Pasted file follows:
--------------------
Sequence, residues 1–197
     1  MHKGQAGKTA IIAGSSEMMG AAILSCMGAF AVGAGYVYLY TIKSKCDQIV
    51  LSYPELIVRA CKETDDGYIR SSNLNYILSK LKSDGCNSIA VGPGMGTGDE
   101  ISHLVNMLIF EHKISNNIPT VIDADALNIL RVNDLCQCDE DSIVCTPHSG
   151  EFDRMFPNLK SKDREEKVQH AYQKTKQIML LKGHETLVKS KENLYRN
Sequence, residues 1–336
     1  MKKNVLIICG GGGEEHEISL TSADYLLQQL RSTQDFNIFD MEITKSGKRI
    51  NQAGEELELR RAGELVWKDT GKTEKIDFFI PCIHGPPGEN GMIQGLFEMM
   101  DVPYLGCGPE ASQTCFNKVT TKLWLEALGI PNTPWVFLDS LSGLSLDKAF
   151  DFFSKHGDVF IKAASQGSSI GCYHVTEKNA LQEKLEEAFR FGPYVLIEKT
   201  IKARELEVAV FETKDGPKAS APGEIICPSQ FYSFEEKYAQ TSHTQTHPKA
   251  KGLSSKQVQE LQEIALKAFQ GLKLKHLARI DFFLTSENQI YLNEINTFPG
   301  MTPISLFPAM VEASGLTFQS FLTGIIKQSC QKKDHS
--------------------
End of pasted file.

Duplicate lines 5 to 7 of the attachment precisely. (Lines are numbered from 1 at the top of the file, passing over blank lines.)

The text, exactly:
   151  EFDRMFPNLK SKDREEKVQH AYQKTKQIML LKGHETLVKS KENLYRN
Sequence, residues 1–336
     1  MKKNVLIICG GGGEEHEISL TSADYLLQQL RSTQDFNIFD MEITKSGKRI